JOURNAL ARTICLE

Hepatitis C virus infection increases the risk of developing peripheral arterial disease: a 9-year population-based cohort study

Yueh-Han Hsu, Chih-Hsin Muo, Chun-Yi Liu, Wen-Chen Tsai, Chih-Cheng Hsu, Fung-Chang Sung, Chia-Hung Kao
Journal of Hepatology 2015, 62 (3): 519-25
25263004

BACKGROUND & AIMS: The relationship between hepatitis C virus (HCV) infection and peripheral arterial disease (PAD) development remains unclear.

METHODS: Health insurance claims data were used to construct a cohort of HCV-infected patients diagnosed during the period 1998-2011. Patients younger than 20 years and those with history of hepatitis B or PAD were excluded. We selected 7641 HCV-infected patients and 30564 matched controls. The adjusted risk of developing PAD was analyzed using a multivariate Cox hazard model.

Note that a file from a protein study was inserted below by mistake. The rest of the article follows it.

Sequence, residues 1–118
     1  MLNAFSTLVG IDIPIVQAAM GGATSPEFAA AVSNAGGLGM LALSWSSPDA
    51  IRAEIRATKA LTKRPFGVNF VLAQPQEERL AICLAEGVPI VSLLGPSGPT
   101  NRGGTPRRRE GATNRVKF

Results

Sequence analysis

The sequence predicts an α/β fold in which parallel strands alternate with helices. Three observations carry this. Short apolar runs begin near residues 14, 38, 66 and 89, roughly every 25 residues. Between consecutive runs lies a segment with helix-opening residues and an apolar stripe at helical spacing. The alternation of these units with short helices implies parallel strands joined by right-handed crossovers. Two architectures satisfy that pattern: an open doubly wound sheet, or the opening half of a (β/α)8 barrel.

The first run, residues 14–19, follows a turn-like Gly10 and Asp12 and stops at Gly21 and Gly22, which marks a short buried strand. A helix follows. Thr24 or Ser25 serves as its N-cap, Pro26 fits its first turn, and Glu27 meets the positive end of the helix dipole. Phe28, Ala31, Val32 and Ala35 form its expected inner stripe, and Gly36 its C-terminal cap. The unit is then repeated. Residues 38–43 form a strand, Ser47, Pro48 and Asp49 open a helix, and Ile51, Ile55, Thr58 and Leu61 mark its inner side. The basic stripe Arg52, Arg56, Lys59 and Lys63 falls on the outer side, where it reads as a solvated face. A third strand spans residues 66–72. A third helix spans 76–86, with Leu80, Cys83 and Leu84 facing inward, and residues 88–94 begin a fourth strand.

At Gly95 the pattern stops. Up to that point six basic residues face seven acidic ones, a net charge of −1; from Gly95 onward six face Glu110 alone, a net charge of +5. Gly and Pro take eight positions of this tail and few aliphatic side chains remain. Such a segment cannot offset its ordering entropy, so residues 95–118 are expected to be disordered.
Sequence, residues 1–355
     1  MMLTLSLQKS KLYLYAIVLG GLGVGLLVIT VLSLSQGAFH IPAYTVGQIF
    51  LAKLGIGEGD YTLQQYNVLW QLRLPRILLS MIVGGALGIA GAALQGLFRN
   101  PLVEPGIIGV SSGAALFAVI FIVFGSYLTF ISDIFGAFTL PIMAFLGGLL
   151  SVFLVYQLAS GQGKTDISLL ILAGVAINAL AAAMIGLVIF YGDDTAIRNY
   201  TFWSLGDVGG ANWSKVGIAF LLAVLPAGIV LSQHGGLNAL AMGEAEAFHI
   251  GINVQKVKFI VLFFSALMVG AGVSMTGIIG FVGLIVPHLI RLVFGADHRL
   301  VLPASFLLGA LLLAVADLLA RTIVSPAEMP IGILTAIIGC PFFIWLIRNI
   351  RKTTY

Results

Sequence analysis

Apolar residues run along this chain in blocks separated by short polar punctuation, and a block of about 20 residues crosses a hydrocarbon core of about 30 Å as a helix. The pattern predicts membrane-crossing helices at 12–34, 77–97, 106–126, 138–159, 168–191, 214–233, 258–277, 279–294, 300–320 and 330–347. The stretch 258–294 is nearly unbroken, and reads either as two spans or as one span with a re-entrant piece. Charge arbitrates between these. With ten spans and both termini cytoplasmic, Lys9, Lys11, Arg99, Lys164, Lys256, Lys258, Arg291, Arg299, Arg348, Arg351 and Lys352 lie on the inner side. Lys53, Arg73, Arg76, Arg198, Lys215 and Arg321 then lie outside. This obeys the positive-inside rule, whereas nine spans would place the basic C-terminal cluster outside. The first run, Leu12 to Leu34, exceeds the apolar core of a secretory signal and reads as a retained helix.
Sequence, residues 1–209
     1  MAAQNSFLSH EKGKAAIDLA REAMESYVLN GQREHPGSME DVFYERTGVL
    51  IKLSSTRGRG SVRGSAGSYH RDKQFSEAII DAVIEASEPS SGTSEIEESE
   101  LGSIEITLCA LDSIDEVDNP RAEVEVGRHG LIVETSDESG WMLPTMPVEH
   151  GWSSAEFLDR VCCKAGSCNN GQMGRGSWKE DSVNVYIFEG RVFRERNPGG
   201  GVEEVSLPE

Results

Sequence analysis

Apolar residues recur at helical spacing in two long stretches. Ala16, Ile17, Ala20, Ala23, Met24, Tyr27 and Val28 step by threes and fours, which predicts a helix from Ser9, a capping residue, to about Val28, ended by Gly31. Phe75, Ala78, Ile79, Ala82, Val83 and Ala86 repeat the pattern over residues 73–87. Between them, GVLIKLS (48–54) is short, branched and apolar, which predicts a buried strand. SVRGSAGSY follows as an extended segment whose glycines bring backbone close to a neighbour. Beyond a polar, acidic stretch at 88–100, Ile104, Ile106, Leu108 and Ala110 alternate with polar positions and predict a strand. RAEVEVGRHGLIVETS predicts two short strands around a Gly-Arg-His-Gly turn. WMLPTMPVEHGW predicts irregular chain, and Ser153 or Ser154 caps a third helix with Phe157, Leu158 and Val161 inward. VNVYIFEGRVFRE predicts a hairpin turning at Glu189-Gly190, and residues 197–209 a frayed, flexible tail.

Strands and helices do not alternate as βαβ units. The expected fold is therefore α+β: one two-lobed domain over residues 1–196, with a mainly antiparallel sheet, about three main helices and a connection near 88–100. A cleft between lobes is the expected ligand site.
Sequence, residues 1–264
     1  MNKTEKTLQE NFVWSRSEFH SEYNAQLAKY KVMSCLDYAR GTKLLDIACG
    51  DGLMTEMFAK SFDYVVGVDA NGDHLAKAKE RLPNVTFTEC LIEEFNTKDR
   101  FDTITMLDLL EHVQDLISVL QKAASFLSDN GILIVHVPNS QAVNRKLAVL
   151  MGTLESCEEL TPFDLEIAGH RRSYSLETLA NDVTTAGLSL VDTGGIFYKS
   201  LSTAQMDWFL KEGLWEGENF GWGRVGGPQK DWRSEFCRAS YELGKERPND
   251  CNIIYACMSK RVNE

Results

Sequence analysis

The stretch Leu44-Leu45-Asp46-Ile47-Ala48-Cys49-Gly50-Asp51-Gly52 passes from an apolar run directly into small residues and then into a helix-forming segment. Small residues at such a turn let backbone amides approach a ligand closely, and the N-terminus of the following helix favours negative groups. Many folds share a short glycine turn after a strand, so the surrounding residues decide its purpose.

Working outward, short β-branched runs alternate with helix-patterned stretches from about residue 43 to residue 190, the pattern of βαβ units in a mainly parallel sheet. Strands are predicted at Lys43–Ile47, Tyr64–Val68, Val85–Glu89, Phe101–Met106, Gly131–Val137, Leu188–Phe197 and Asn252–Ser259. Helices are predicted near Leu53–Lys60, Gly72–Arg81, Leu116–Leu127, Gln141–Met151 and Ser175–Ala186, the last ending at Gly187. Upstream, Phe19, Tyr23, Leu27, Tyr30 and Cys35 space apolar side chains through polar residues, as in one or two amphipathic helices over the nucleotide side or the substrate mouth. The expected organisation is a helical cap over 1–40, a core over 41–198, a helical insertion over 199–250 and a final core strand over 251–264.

RESULTS: The results show that the excess risk of PAD development in HCV-infected patients is 1.43-fold higher (95% CI=1.23-1.67) compared with non-HCV patients. The adjusted risk of PAD development increases with age; compared with the 20-34 year-old patients, the risk is 3.96-fold higher in HCV-infected patients aged 35-49 years, and 11.7-fold higher in those aged 65 years and above. CKD/ESRD has the highest risk for PAD (HR=1.80, 95% CI=1.29-2.53). HCV-infected patients with four comorbidities exhibit a substantially higher risk of developing PAD (HR=9.25, 95% CI=6.35-13.5). Excess risk of developing PAD is observed from the first year of follow-up till the third year.

CONCLUSION: HCV-infected patients have an independently higher risk of developing PAD. HCV-infected patients with comorbidity have increased risk of developing PAD.

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